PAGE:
Out of Work

What it was like to tell my kids I lost my job: 'Aren't you important' Mom?

Alison Fischer and her two daughters
Photo courtesy Alison Fischer

This is part of CNBC Make It's Out of Work series, where real people tell their personal stories of what it's like to be underemployed during the Covid-19 pandemic. This is the story of Alison Fischer, as told to Cat Clifford.

I was at my fiance's house on March 31, it was 3 or 4 o'clock in the afternoon, and I took a phone call from the owner of my company — the president and COO. He informed me that my position was being eliminated. 

Significant changes had to be made to the small, family-owned business I worked for due to the coronavirus pandemic. 

Coming from leadership, I understand. I worked for O'Sullivan Communications, a publishing company in New Jersey, for over 15 years. I was senior vice president of operations, client services and account management. The majority of the clients I worked with were in the airline space, so Covid-19 had a huge impact on the area of the business I managed. 

Even though being let go is not a personal issue for me, when you get that call from your boss, it's quite a shock to the system. 

I love the people that I worked with. And I have never been unemployed.

This was a first for me, and I had to tell my kids.

I 'just sat with it' for 24 hours

The first person I told was my fiance. We went for a car ride because I just wanted to sit in silence. It's so overwhelming that you don't want to think about the "what ifs."

I cried when I told my fiance, but it wasn't sadness that I felt. I didn't feel a connection to my job title such that it was a loss of my sense of self. It was more, "Well, what am I going to do now?" Or maybe it was because you have to say those words: "I've been laid off." I never said those words before.

Chef uses shutdown restaurants to feed unemployed servers, cooks and bartenders impacted by COVID-19
Chef uses shutdown restaurants to feed unemployed servers, cooks and bartenders impacted by COVID-19

But I didn't actually tell my two girls, who are 12 and 16, for almost a full 24 hours.

I just sat with it first. I was thinking, "How am I going to tell them that I have been laid off?" 

My girls have seen me get up and go to work their whole lives. I don't believe they tied me as a person to my job, but they do understand that my job provides money for us to live.

I was really trying to figure out, how do I tell them without scaring them? And how will I keep a level of composure?

When your kids ask, 'Aren't you important' Mom?

The next day I told them.

Schools in New Jersey were closed, so my daughters were homeschooling. I called them into the living room, sat down and told them that I had been let go from my position at work. I was crying initially.

They both sort of looked at me, and they said, "Well, what does that mean for us?"

How you handle yourself is everything when it comes to how they're going to respond, so I immediately composed myself.

"Well, we're probably going to have to make some changes initially, but as your mom, please let me focus on that. I don't want you to worry about that," I said.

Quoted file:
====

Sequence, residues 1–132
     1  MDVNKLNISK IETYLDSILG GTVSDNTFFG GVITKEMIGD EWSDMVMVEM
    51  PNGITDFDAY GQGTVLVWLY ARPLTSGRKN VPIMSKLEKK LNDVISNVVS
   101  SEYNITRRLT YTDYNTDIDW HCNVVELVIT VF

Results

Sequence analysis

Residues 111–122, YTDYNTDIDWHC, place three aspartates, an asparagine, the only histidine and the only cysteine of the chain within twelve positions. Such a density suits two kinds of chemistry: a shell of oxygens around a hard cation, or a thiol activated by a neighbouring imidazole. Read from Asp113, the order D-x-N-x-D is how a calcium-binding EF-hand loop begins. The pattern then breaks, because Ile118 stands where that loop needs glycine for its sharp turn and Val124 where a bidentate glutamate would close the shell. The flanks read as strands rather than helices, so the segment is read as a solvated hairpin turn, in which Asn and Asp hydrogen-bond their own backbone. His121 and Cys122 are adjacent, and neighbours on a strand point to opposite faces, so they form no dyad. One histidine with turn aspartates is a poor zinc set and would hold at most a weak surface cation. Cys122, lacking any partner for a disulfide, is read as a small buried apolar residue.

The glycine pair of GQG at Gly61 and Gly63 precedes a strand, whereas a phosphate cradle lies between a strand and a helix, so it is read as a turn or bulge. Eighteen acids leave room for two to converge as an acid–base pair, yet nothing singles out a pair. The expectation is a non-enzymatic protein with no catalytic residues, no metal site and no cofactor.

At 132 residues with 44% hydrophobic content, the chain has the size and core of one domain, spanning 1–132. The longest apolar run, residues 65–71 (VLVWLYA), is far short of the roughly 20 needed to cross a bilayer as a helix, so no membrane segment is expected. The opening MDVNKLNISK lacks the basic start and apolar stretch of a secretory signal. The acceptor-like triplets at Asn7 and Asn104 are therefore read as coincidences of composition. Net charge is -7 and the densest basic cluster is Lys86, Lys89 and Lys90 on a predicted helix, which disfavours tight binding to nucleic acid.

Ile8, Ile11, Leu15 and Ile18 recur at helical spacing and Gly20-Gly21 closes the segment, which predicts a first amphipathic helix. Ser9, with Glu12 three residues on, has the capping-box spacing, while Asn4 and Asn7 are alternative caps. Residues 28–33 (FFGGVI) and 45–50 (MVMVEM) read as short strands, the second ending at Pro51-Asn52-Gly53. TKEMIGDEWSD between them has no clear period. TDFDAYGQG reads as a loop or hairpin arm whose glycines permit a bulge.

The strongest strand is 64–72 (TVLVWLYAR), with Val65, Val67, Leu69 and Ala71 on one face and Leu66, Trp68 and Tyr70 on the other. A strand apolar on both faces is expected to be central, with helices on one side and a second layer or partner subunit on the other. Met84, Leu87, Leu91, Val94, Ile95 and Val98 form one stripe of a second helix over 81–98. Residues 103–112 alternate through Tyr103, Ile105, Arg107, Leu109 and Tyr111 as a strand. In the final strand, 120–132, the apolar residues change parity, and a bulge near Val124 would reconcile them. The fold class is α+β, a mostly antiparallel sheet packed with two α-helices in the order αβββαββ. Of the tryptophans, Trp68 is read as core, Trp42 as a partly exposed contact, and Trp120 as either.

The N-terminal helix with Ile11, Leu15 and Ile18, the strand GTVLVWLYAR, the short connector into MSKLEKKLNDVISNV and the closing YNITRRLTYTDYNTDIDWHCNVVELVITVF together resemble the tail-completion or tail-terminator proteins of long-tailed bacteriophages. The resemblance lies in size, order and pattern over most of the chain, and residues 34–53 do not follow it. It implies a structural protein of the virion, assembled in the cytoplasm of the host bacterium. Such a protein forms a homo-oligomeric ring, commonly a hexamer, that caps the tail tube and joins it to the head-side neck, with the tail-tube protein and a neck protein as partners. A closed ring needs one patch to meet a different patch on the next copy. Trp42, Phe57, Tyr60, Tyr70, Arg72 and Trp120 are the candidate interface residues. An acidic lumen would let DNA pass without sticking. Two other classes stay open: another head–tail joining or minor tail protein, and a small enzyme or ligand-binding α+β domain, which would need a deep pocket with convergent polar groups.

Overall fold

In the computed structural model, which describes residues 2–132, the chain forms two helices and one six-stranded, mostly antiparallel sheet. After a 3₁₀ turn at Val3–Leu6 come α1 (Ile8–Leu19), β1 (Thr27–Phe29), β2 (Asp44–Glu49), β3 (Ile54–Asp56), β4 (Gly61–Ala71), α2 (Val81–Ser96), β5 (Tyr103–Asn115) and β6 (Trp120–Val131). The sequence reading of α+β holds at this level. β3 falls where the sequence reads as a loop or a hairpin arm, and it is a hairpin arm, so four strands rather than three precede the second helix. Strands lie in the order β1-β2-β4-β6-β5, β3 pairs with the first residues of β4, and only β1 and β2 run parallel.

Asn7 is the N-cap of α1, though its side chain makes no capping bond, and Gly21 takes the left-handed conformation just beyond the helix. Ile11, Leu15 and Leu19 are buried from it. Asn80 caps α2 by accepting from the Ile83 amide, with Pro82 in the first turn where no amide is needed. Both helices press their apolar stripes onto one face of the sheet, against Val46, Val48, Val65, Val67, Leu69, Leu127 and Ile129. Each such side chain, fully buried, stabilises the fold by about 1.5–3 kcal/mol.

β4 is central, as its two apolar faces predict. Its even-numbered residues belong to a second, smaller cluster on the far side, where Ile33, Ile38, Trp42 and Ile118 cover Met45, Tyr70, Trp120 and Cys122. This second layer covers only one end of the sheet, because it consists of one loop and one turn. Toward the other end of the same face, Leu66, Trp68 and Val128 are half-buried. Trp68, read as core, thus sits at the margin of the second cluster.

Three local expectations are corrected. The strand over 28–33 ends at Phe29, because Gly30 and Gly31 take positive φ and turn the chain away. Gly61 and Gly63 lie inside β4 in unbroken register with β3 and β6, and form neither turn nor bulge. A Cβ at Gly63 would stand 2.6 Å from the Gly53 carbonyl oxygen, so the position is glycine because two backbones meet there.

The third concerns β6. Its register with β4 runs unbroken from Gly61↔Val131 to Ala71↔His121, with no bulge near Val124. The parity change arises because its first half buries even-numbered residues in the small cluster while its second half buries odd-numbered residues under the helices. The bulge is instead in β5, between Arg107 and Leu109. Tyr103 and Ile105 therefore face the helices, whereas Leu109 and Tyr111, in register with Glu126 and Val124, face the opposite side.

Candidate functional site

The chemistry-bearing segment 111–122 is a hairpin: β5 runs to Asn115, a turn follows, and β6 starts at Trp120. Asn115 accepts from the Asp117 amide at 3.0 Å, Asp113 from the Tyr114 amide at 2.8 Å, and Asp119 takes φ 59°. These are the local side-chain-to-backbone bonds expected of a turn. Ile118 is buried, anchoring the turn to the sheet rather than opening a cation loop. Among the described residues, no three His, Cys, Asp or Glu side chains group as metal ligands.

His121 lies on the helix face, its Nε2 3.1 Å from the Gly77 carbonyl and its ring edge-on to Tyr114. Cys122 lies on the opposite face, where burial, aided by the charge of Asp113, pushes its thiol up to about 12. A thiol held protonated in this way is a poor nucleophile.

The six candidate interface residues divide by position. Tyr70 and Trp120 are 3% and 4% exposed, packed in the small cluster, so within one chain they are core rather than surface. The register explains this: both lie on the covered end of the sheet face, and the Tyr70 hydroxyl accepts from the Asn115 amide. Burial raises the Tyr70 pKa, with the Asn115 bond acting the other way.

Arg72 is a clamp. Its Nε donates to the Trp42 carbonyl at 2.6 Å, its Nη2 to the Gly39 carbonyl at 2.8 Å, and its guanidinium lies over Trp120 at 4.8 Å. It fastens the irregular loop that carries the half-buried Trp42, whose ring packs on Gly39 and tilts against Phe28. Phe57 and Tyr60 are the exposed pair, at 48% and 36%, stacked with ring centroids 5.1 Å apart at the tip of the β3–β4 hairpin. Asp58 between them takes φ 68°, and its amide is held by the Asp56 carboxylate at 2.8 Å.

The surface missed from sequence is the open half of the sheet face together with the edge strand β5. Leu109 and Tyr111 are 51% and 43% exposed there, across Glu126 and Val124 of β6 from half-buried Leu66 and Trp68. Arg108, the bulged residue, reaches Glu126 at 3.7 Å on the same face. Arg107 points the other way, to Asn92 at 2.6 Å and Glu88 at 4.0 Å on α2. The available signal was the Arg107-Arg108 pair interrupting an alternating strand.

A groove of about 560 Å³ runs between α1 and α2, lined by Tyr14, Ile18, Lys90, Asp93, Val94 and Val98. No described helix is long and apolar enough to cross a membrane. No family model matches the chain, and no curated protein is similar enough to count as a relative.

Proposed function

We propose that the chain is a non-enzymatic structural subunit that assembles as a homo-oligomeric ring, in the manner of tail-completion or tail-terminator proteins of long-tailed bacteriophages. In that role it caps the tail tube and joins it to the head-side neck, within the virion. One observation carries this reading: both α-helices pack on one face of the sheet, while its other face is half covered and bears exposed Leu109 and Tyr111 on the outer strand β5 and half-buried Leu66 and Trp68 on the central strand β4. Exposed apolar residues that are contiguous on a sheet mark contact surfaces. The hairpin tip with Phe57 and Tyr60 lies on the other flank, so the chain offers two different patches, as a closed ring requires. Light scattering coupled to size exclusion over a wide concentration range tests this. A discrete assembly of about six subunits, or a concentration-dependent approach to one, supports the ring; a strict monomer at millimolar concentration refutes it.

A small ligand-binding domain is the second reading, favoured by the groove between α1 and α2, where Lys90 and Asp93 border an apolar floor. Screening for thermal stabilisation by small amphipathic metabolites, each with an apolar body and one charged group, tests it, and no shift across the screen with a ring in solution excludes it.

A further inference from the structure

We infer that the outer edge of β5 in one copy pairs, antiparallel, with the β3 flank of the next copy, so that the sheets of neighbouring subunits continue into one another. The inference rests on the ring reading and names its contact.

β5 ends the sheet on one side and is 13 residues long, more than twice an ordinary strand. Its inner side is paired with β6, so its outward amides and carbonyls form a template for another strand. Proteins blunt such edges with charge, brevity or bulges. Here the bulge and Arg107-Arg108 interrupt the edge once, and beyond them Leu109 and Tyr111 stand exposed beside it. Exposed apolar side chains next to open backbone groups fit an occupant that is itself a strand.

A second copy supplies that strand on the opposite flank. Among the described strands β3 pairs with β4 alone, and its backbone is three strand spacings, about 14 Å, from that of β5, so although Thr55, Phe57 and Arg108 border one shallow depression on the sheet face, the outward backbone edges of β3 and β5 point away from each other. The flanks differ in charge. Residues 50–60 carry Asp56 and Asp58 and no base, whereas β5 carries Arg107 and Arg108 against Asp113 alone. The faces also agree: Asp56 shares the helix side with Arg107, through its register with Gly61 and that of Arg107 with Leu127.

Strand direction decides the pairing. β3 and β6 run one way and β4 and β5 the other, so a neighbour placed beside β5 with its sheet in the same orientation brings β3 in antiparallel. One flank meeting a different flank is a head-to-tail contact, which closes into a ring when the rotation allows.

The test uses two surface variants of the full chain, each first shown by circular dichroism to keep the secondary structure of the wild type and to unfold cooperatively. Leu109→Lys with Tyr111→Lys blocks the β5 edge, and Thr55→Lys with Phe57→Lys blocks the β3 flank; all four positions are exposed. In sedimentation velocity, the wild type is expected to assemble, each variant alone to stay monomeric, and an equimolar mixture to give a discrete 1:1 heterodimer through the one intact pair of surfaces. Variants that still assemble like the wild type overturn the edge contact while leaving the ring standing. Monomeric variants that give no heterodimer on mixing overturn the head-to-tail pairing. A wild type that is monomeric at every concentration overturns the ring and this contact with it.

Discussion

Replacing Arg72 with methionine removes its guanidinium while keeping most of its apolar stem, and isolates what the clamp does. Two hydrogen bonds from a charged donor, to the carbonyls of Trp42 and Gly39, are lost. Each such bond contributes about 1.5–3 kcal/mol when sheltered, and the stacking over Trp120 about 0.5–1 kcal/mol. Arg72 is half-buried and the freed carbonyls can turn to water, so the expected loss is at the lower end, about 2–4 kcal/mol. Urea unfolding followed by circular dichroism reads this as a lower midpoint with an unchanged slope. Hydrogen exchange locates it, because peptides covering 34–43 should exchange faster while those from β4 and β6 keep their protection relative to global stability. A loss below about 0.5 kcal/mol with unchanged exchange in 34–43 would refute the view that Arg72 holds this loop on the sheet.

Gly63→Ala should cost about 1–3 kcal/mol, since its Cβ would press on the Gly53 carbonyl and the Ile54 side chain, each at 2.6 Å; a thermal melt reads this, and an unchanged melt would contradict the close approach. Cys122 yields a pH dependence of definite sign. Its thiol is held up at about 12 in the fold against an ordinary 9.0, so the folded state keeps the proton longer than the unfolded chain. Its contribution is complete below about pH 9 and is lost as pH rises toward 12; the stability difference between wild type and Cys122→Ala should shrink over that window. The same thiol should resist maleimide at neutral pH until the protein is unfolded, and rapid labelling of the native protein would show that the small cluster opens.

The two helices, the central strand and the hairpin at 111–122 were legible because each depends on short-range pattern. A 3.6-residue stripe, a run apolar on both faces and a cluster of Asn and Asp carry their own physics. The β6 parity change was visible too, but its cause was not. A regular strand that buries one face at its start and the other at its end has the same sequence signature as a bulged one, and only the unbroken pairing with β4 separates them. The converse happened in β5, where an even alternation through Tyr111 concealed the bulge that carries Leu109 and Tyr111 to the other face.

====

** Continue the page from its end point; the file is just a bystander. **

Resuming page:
My daughters got angry and frustrated at my employer: "Aren't you important? Don't they think you're valuable?" they asked.

"I am valuable," I said. "But my value has nothing to do with my job. I'm valuable for a lot of other reasons."

"I will find a job that makes me happier, a place to work that values me, a place where I want to be," I said.

The girls asked questions about money too. I have a mortgage to pay and bills. "Yeah, we're going to have to make some changes," I said.

I explained a little bit about unemployment insurance, but I think some of that went over their heads.

"I'm going to have to really work to get another job or figure out what my next move is," I said. 

Staying positive and moving forward

For now, we're good. My girls and I are stable and we're happy. 

We have made some changes. For instance, with food shopping, we are not particularly frivolous, but now we are much more careful.

Also, there is no "I need this article of clothing just because and I want to do online shopping" for me and my girls. They know they need to be conscientious about what they ask for. And they have been fantastic — without reminder.

Since being laid off, I'm also spending more time working with survivors of domestic abuse, offering free coaching to help them rebuild their lives, re-enter the workforce and to help them shed any misplaced guilt, shame and judgment they might feel. I've been doing this for maybe 18 months to two years, since I first shared my own story a while back. But I didn't have a lot of time to devote to it before.

I also hope to be able to spend some time supporting entrepreneurs and small business owners. I don't know if I ever felt that I had support as a leader. Just because you're at the top of your game does not mean that you don't need support. So I want to offer that support to others using my 20 years experience in corporate roles. 

And I have not stopped my job search, but I am not obsessing. 

Right now, everything is fine, but that won't last forever. So I am trying to determine what my new normal is going to be.

If I have to if I go back into a corporate position, what might that look like? Would I still be able to do coaching and consulting, which is where my heart is? Can I do both in this new journey, this new chapter of my life?

That would be ideal for me. And now is the time for anybody who's in a position like I am to really look at your life, take the reins, and rebuild.

See also: 

'It's never too late to start again:' Over 40s share life lessons for young people

Ray Dalio's advice to grads: Realize you know almost nothing about being successful out of school

Unemployed hair colorist gets creative during coronavirus shutdown
Unemployed hair colorist gets creative during coronavirus shutdown